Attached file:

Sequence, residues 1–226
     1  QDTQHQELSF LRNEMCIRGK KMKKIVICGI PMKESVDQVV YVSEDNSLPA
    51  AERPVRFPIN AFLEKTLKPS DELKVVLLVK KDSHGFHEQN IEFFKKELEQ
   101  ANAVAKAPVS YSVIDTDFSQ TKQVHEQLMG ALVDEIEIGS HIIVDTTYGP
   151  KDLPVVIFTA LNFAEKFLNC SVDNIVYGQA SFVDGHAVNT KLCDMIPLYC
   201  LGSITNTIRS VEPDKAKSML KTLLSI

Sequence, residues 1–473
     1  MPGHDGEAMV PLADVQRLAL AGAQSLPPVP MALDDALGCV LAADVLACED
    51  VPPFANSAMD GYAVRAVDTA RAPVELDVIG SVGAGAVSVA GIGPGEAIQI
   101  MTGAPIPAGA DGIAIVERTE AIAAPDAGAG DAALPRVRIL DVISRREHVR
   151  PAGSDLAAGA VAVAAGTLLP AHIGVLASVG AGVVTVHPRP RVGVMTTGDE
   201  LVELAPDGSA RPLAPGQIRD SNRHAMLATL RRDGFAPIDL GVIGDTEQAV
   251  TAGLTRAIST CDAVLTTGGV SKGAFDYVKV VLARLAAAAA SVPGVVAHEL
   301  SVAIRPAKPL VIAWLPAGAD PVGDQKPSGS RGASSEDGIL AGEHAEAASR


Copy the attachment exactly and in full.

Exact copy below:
Sequence, residues 1–226
     1  QDTQHQELSF LRNEMCIRGK KMKKIVICGI PMKESVDQVV YVSEDNSLPA
    51  AERPVRFPIN AFLEKTLKPS DELKVVLLVK KDSHGFHEQN IEFFKKELEQ
   101  ANAVAKAPVS YSVIDTDFSQ TKQVHEQLMG ALVDEIEIGS HIIVDTTYGP
   151  KDLPVVIFTA LNFAEKFLNC SVDNIVYGQA SFVDGHAVNT KLCDMIPLYC
   201  LGSITNTIRS VEPDKAKSML KTLLSI

Sequence, residues 1–473
     1  MPGHDGEAMV PLADVQRLAL AGAQSLPPVP MALDDALGCV LAADVLACED
    51  VPPFANSAMD GYAVRAVDTA RAPVELDVIG SVGAGAVSVA GIGPGEAIQI
   101  MTGAPIPAGA DGIAIVERTE AIAAPDAGAG DAALPRVRIL DVISRREHVR
   151  PAGSDLAAGA VAVAAGTLLP AHIGVLASVG AGVVTVHPRP RVGVMTTGDE
   201  LVELAPDGSA RPLAPGQIRD SNRHAMLATL RRDGFAPIDL GVIGDTEQAV
   251  TAGLTRAIST CDAVLTTGGV SKGAFDYVKV VLARLAAAAA SVPGVVAHEL
   301  SVAIRPAKPL VIAWLPAGAD PVGDQKPSGS RGASSEDGIL AGEHAEAASR